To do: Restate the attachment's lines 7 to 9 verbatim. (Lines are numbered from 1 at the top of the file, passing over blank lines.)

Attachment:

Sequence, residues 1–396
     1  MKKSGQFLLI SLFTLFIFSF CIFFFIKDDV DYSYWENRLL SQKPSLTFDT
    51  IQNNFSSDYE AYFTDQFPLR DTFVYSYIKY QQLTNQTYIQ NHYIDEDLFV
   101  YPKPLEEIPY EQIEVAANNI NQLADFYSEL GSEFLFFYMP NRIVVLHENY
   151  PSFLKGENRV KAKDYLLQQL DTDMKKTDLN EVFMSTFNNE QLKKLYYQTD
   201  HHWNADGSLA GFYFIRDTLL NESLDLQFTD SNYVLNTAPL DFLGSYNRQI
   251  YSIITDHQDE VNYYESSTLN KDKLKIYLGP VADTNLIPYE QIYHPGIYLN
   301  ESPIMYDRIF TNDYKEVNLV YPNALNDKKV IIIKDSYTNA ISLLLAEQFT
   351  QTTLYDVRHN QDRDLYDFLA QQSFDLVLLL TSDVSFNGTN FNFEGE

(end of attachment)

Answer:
   251  YSIITDHQDE VNYYESSTLN KDKLKIYLGP VADTNLIPYE QIYHPGIYLN
   301  ESPIMYDRIF TNDYKEVNLV YPNALNDKKV IIIKDSYTNA ISLLLAEQFT
   351  QTTLYDVRHN QDRDLYDFLA QQSFDLVLLL TSDVSFNGTN FNFEGE